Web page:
The Business of Education
Produced by Stan Correy
Sunday March 14, 1999

What if schools were privatised, and made into profit-making businesses - think of the efficiencies the hip pocket nerve could achieve.

An entrepreneur will sell you all the computers you need, he'll hire and fire your teachers, he'll design the software, and he could even choose what your kids are taught.

The shareholders will make a packet if the students get good marks.
It all sounds ... too good to be true?

Full Transcript:

Colleges Should Tap the Pedagogical Potential of the World-Wide Web
Alistair B. Fraser
A few months ago, I was in a meeting with a man who was both a director of his university's distance-education program and an adviser to a teaching institute on the campus. We were discussing the future of on-line learning. I discovered, to my fascination, that we had very different visions.
Originaly published in: Chronicle of Higher Education, Section: Opinion & Arts Vol. 48, Page: B8, Aug. 8, 1999


The Einstein Factor
with Robyn Williams
Sunday December 17, 2000

Some very gifted children are often condemned as failures in the school system because they learn in a different way to the majority of kids.

Robyn Williams: ‘You will never amount to anything.’ My school teachers implied that to me on many an occasion. One schoolmaster also said those words to another rather distracted lad called Albert when he attended classes in Munich. Fortunately Albert Einstein was encouraged by his family, and they still had money, before hard times fell, to let him have another go at another school.


Future of Learning Group Publications
The Epistemology and Learning Group
Seymour Papert


Works by Seymour Papert, Ph.D.

The Map of Life
Professor Peter Doherty at the National Library of Australia.

Produced by Kirsten Garrett
Sunday August 19, 2001

Full Transcript:

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Professor Peter Doherty says the new understanding of genetics is making a powerful statement about our place in nature.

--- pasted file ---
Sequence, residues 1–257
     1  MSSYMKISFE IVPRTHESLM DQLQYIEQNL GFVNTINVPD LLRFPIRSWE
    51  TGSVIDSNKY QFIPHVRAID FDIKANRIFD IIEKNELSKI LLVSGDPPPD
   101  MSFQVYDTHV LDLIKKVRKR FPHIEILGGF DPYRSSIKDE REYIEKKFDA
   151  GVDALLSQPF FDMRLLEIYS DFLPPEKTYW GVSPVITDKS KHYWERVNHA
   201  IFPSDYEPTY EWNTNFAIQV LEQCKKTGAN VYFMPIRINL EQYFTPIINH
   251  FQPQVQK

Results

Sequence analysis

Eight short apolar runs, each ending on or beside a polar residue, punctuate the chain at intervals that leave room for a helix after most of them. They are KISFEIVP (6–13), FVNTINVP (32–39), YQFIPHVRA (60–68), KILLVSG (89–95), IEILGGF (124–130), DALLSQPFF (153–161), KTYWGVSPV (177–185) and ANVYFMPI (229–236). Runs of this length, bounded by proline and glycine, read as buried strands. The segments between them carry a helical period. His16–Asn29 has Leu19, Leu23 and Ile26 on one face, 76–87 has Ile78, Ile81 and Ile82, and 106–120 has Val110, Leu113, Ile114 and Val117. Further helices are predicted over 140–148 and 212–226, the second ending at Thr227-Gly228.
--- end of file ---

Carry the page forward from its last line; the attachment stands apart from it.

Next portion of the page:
Through the course of the 20th century we came to understand that physically, at least, we are the most extraordinary and wonderful chemical machines.

It is essential that we continue to recognise that the future rests with the young and that we provide resources accordingly. We're seeing that tension particularly in the United States, where schools are funded from the local tax base. And what we're seeing is older people who no longer feel invested in children, are refusing to see tax rates increased to provide better schools.



People before Technology
A conversation with Esther Dyson
President of EDventure Holdings, Chair of ICANN
Interviewed by Ken Freed for Association for Interactive Media.

There are two general visions of interactive media. The vision a lot of people have is that they're just going to interact with some computer, and I don't find that very exciting. The vision I like is the one where a person interacts with other people. A video game is interactive, in the first sense, but to me, what's more interesting is if there are other people there, so that the game becomes a communication medium. That's my concept of interactivity.


Scoring Power Points
by Jamie McKenzie
McKenzie, J. (2000). Scoring power. From Now On The Educational Technology Journal, 10(1).
          Retrieved January 18, 2002, from http://www.fno.org/sept00/powerpoints.html


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Last modified: January 18, 2001
Author: Rupert Russell  r.russell@ballarat.edu.au
URL: http://www.ballarat.edu.au/~rrussell/readings.html